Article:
Positive confirmation in rational and irrational learning
AbstractA new experiment is reported which tests for positive confirmation bias when subjects learn about a rule. The experiment reveals strong evidence of positive confirmation bias and corresponding violations of expected utility. This evidence for positive confirmation not only covers the search for evidence but also the use of it in making decisions. These results are consistent with and expand on previous results on the subject.
Download InfoIf you experience problems downloading a file, check if you have the proper application to view it first. In case of further problems read the IDEAS help page. Note that these files are not on the IDEAS site. Please be patient as the files may be large.
As the access to this document is restricted, you may want to look for a different version under "Related research" (further below) or search for a different version of it.
Bibliographic InfoArticle provided by Elsevier in its journal Journal of Behavioral and Experimental Economics (formerly The Journal of Socio-Economics).
Volume (Year): 37 (2008)
Issue (Month): 3 (June)
Contact details of provider:
Web page: http://www.elsevier.com/locate/inca/620175
Please report citation or reference errors to , or , if you are the registered author of the cited work, log in to your RePEc Author Service profile, click on "citations" and make appropriate adjustments.:
- Martin Jones & Robert Sugden, 2001.
"Positive confirmation bias in the acquisition of information,"
Theory and Decision,
Springer, vol. 50(1), pages 59-99, February.
- Martin Jones & Robert Sugden, 2000. "Positive Confirmation Bias in the Acquisition of Information," Dundee Discussion Papers in Economics 115, Economic Studies, University of Dundee.
- Loomes, Graham & Sugden, Robert, 1995. "Incorporating a stochastic element into decision theories," European Economic Review, Elsevier, vol. 39(3-4), pages 641-648, April.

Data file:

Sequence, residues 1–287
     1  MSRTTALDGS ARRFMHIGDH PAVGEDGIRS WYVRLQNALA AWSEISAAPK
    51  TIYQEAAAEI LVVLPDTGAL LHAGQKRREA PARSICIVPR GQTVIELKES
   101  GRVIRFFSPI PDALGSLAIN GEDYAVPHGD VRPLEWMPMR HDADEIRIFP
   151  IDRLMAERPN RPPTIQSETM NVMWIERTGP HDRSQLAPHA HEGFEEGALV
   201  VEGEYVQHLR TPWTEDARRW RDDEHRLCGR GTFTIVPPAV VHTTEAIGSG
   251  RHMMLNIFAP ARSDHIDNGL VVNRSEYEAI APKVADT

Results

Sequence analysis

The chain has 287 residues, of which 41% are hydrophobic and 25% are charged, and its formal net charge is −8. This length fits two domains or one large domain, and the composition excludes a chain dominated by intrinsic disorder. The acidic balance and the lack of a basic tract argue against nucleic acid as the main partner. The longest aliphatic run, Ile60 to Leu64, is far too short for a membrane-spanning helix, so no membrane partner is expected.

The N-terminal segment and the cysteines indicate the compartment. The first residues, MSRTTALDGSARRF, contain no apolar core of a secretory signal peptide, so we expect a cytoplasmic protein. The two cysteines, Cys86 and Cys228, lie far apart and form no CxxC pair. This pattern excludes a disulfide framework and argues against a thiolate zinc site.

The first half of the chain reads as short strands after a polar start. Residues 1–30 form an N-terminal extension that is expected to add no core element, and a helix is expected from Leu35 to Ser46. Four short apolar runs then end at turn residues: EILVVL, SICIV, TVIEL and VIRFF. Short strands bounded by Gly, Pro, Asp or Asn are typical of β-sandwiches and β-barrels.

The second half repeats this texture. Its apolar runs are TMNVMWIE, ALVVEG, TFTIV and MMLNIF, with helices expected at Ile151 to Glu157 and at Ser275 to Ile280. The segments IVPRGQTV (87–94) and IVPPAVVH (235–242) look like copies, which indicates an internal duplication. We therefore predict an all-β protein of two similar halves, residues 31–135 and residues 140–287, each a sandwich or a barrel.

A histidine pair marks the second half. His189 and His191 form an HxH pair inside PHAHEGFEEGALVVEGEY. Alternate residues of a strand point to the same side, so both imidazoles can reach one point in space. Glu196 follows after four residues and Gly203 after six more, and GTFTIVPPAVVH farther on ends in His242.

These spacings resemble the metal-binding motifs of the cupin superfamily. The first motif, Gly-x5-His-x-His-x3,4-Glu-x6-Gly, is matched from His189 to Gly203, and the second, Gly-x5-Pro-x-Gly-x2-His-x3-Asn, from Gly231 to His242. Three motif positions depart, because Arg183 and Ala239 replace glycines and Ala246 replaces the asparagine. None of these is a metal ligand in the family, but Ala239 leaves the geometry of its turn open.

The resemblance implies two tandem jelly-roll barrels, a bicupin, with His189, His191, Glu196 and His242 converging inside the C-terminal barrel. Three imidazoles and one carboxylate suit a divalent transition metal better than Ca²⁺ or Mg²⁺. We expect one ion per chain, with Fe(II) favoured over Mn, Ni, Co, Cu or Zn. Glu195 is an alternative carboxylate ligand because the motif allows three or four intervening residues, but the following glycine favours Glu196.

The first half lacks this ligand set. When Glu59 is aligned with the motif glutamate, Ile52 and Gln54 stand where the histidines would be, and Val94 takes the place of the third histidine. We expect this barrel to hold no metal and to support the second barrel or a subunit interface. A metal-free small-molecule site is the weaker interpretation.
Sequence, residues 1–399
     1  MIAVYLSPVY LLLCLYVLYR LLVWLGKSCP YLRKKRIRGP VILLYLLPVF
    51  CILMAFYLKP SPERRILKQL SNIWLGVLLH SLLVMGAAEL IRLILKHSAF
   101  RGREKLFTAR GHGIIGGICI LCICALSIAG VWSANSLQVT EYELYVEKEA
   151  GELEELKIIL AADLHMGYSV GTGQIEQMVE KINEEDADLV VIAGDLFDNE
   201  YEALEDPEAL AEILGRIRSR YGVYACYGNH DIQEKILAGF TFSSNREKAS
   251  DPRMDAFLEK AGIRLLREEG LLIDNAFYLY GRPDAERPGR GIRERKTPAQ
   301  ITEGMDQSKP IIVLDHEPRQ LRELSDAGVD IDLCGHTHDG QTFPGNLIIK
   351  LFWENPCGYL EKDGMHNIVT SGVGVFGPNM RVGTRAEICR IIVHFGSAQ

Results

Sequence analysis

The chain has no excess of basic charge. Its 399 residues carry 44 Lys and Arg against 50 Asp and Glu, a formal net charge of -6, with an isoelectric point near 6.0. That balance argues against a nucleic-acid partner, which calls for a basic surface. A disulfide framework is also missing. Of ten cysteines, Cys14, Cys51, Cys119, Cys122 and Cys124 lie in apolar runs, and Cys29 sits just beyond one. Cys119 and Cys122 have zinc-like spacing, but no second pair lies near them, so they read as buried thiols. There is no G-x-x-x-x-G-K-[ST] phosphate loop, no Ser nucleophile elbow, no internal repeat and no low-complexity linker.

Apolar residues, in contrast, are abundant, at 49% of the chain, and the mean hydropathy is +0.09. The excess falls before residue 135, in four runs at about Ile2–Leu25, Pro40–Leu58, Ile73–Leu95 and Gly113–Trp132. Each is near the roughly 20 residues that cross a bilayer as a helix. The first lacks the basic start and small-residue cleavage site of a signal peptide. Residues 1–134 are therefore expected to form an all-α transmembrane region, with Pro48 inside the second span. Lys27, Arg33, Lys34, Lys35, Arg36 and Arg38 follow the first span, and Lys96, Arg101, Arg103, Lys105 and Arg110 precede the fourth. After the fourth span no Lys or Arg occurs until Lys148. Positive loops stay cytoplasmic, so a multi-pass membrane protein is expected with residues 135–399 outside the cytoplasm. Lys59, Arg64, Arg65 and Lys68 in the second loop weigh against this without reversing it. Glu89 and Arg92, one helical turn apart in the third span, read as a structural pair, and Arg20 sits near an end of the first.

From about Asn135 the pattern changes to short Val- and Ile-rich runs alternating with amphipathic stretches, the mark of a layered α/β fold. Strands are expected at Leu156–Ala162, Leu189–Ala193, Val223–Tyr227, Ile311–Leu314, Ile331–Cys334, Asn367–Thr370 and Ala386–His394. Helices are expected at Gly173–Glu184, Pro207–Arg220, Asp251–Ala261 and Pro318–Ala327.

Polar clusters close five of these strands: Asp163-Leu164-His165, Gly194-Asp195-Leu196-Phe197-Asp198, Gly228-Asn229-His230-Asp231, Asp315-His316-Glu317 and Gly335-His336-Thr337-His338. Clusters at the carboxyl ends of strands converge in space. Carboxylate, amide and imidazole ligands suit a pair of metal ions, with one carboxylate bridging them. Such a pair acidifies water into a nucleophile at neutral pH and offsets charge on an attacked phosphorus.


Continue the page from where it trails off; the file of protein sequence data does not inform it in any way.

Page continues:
- Borgers, Tilman, 1996. "On the Relevance of Learning and Evolution to Economic Theory," Economic Journal, Royal Economic Society, vol. 106(438), pages 1374-85, September.
- Reinhard Selten & Abdolkarim Sadrieh & Klaus Abbink, 1999.
"Money Does Not Induce Risk Neutral Behavior, but Binary Lotteries Do even Worse,"
Theory and Decision,
Springer, vol. 46(3), pages 213-252, June.
- Selten, Reinhard & Abdolkarim Sadrieh & Klaus Abbink, 1995. "Money does Not Induce Risk Neutral Behavior, but Binary Lotteries Do even Worse," Discussion Paper Serie B 343, University of Bonn, Germany.
- Ertac, Seda, 2011. "Does self-relevance affect information processing? Experimental evidence on the response to performance and non-performance feedback," Journal of Economic Behavior & Organization, Elsevier, vol. 80(3), pages 532-545.
For technical questions regarding this item, or to correct its authors, title, abstract, bibliographic or download information, contact: (Zhang, Lei).
If you have authored this item and are not yet registered with RePEc, we encourage you to do it here. This allows to link your profile to this item. It also allows you to accept potential citations to this item that we are uncertain about.
If references are entirely missing, you can add them using this form.
If the full references list an item that is present in RePEc, but the system did not link to it, you can help with this form.
If you know of missing items citing this one, you can help us creating those links by adding the relevant references in the same way as above, for each refering item. If you are a registered author of this item, you may also want to check the "citations" tab in your profile, as there may be some citations waiting for confirmation.
Please note that corrections may take a couple of weeks to filter through the various RePEc services.